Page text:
Is Yale’s English Course Really Too ‘White’?
A petition from Yale students demands a ‘decolonized’ undergraduate curriculum for English majors, which could mean the chop for Chaucer, Spenser, Shakespeare, and Donne.
Harold Bloom, one of America’s foremost literary scholars and Sterling Professor of the Humanities at Yale, provided a terse response when asked about the latest student protests to grip the university.
“I am too weary to comment again on this nonsense,” he wrote in an email to The Daily Beast.
Capping off a year of political unrest and student protests at Yale University, English department faculty emerged from their final meeting of the semester to a petition from students hoping to return next fall to a refurbished, “decolonized” undergraduate curriculum for English majors.
The petition calls on department faculty to reassess the English major’s core and introductory courses, and demands that the “Major English Poets” survey course—a two-semester prerequisite for the major—be overhauled entirely.
“It is unacceptable that a Yale student considering studying English literature might read only white male authors,” the petition states, referring to the poets studied in the course: Chaucer, Spenser, Shakespeare, and Donne in the fall semester; Milton, Pope, Wordsworth, Eliot, and one other modern poet in the spring semester, according to the course description.
The petition argues that “a year spent around a seminar table where the literary contributions of women, people of color, and queer folk are absent actively harms all students, regardless of their identity.”
It also insists that the introductory course creates “a culture that is especially hostile to students of color,” alienating talented prospective majors and failing to prepare them for “higher-level courses relating to race, gender, sexuality, ethnicity, nationality, ability or even to engage with critical theory or secondary scholarship.
Inspired by the activism that has roiled campus this past year, the petition’s anonymous authors demand that the English department “decolonize—not diversify—its course offerings.”
Similar issues were raised last fall by undergraduate students, according to Jill Richards, Assistant English Professor and Associate Director of Undergraduate Students.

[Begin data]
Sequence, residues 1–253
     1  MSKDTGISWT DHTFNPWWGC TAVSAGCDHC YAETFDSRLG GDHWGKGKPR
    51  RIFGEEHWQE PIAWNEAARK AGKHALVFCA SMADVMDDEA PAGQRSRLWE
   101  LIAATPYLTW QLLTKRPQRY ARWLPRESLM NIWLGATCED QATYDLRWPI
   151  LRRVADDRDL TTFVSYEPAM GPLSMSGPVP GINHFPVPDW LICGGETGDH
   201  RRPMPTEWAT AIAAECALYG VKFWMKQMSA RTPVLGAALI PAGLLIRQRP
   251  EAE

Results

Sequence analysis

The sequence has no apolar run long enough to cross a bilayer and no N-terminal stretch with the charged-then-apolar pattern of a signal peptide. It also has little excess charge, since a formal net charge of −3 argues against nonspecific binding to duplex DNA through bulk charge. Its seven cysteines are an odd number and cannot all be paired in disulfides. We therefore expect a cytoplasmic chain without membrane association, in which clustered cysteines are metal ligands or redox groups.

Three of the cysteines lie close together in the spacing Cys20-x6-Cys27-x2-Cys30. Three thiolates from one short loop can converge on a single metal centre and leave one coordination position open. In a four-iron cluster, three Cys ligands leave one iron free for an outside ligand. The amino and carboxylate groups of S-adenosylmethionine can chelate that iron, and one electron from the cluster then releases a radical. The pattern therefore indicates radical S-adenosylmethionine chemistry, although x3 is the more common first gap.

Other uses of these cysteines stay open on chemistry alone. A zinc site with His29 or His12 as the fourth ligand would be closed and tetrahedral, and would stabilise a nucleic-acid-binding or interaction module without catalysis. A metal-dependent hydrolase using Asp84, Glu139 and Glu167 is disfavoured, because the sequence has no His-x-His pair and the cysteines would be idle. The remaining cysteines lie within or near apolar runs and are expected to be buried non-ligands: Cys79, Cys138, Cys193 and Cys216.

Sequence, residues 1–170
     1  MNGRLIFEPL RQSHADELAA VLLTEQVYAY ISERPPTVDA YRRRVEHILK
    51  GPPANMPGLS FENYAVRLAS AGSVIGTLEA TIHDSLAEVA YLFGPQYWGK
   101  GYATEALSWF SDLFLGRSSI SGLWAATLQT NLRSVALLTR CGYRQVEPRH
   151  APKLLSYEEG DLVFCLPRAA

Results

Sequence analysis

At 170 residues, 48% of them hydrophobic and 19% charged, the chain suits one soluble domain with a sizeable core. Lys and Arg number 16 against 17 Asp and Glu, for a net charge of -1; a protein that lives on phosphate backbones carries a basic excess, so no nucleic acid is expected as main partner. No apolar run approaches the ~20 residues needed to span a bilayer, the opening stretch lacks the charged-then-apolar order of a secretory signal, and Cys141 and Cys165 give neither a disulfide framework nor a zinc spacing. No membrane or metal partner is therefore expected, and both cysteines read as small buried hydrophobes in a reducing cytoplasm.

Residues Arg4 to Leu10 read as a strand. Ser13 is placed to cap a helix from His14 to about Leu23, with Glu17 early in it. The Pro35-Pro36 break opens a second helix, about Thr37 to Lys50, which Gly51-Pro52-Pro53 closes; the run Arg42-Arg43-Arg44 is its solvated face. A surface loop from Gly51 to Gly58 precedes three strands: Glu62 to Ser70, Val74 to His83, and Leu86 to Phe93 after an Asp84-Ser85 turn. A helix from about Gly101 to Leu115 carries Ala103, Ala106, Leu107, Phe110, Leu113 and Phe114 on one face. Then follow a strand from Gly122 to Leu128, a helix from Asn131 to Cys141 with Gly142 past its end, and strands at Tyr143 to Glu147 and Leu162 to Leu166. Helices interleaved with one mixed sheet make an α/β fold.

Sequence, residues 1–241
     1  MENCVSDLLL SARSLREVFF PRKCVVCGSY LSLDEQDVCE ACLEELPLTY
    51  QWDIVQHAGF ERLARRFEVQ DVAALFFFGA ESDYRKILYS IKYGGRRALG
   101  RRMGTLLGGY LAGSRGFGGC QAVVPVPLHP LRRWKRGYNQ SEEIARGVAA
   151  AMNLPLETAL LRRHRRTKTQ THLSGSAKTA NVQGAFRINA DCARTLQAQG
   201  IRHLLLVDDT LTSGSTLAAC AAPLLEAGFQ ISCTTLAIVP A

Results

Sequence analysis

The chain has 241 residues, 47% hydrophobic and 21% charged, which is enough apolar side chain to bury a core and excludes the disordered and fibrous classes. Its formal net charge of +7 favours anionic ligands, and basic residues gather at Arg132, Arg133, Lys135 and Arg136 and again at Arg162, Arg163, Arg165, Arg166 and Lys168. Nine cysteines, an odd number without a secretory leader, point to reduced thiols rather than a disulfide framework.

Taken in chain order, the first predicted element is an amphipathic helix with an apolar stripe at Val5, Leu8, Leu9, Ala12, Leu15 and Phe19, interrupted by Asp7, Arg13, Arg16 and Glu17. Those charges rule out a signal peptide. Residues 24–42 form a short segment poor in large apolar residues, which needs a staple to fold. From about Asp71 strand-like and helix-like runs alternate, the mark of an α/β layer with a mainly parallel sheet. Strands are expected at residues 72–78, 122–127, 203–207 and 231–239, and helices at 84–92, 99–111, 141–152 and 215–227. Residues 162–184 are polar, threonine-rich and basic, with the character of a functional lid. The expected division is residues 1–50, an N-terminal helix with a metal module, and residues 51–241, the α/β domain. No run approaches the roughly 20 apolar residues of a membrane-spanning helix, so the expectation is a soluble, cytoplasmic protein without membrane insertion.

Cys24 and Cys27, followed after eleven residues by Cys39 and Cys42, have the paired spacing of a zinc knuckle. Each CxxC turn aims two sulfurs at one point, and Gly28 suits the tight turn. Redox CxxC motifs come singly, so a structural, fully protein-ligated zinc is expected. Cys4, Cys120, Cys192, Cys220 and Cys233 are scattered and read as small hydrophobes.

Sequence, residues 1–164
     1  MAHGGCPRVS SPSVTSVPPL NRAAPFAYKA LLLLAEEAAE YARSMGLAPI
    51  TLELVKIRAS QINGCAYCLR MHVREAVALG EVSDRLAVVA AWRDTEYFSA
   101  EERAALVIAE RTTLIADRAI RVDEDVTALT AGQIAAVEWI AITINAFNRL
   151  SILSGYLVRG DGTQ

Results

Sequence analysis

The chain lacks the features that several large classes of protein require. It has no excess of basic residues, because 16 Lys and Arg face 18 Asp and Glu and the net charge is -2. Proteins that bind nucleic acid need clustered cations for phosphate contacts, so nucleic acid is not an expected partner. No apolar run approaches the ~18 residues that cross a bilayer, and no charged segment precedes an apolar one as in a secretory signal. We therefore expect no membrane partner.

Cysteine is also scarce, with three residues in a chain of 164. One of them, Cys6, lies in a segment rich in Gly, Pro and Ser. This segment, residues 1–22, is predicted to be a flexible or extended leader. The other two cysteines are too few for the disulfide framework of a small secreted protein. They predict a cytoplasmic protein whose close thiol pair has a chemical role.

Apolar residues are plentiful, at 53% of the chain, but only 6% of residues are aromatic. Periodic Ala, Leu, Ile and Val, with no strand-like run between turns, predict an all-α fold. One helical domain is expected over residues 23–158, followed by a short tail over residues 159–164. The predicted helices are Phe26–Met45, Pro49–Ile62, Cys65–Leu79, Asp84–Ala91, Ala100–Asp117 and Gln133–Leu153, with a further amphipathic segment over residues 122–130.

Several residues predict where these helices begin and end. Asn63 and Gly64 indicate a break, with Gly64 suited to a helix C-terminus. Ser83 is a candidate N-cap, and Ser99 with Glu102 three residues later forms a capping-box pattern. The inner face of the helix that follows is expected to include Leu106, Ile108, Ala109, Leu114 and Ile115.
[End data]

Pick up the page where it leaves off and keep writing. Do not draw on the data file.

Richards applauded the student activism Yale has seen this past year and is “cheered that the University has responded in part to some of their demands,” she told The Daily Beast, adding that she hopes the English department will do the same when it comes to the latest petition.
“I think it’s time to revisit our understanding of what is foundational to an English major,” Richards said.
When asked what authors she’d include to diversify the Major English Poets prerequisite and other introductory courses in the major, Richards cited 17th century British playwright and poet Aphra Behn; Phillis Wheatley, the first published African-American poet; Victorian poet Christina Rossetti; Gertrude Stein, Langston Hughes, and Derek Walcott.
Richards admitted that she’s relatively new at Yale, where the Major English Poets course is a longstanding tradition within the department. But diversifying the canon is “not really a controversial stance in wider academia,” she said.
While Yale’s introductory survey course is designed to give prospective English majors a set of skills to use in higher-level major courses—providing “a generous introduction to the abiding formal and thematic concerns of the literary tradition,” according to the course description—Richards believes replacing one or two white male poets wouldn’t preclude the development of those skills.